Please find below a call for papers for the session ‘Educating the cosmopolitan national: Negotiating memory and conflict in making democratic citizens’ at the American Association of Geographers’ Conference 2009. If you are interested in presenting a paper, please contact Dan Hammett (D.Hammett@ed.ac.uk) or Lynn Staeheli (Lynn.firstname.lastname@example.org)
Educating the cosmopolitan national: Negotiating memory and conflict in making democratic citizens
The negotiation of belonging, the designation of ‘insiders’ and ‘outsiders’, and the manipulation of citizenship and nationhood refract conflict and political struggles within states around the world. These practices emphasize the need to develop citizens who uphold ideals of democracy and nationhood, particularly in states that are negotiating histories of inequality, oppression and conflict. Education programs and policies provide one avenue through which government can directly affect citizenship formation and the development of values, skills and dispositions associated with the ‘good’ citizen. However, the pedagogy of post-conflict nations is difficult, as governments try to present narratives of national histories and character without inflaming (sometimes quite recent) conflicts. One strategy has been to promote a version of citizenship that negotiates cosmopolitan ideals and national histories.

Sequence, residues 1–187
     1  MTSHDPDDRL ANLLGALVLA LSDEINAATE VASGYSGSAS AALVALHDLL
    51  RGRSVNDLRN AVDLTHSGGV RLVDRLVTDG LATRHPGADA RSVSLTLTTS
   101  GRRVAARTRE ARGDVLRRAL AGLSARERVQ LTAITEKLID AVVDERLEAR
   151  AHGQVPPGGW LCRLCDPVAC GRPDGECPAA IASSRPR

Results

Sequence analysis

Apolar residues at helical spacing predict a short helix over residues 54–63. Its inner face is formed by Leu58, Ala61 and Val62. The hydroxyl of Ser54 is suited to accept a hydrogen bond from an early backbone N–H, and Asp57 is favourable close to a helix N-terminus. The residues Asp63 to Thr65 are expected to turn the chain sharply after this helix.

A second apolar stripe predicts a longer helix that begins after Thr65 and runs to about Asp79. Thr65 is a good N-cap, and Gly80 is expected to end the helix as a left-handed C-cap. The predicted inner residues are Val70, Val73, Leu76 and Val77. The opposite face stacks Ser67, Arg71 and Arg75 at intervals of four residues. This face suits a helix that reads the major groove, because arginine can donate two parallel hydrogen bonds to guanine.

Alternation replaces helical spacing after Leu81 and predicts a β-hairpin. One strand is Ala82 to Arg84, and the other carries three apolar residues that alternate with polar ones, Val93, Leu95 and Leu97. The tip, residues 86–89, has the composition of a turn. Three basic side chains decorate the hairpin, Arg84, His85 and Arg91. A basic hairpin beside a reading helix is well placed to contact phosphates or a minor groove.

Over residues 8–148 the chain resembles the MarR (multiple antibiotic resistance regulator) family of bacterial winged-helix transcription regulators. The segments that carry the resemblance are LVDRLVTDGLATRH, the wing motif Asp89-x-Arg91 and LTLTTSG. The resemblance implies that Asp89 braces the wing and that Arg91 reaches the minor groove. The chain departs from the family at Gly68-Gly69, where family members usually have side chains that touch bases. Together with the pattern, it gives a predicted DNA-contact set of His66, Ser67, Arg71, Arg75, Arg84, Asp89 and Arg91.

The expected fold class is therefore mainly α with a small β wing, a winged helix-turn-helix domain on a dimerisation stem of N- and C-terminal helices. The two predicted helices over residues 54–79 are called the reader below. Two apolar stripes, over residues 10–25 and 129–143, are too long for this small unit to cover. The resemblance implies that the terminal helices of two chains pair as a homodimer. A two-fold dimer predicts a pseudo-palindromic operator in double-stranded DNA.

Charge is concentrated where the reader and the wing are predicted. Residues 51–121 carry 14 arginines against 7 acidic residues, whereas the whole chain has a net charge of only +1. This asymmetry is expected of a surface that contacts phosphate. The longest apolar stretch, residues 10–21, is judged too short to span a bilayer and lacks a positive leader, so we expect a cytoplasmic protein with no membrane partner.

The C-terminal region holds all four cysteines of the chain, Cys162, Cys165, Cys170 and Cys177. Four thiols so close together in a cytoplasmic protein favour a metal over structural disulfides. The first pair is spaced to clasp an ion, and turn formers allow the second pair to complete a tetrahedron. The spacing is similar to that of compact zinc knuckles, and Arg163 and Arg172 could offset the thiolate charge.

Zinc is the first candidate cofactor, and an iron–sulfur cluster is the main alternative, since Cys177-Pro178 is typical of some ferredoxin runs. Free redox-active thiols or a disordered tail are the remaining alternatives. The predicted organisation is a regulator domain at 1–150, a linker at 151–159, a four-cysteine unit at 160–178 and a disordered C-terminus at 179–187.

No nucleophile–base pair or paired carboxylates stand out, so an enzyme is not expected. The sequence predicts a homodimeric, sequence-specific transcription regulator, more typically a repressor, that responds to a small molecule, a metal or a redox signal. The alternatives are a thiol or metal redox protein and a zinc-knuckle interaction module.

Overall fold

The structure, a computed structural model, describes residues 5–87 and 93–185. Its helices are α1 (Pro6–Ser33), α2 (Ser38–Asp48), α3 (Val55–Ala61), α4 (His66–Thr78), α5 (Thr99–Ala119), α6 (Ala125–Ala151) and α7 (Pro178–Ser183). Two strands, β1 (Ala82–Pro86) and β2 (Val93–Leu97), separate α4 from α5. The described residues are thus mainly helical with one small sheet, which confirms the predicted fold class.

This session will examine the ways in which states seek to negotiate tensions between cosmopolitan citizenship and national histories in citizenship education programs. It asks: How do governments and elites attempt to overcome histories of conflict in re-building nations? How are policies of nation-building and citizenship-making negotiated and transformed in their implementation? What happens when these policies seem to limit the possibilities for reconciliation by glossing over historical “truths”? What happens when national policies are deemed inappropriate to the local context in which they are implemented?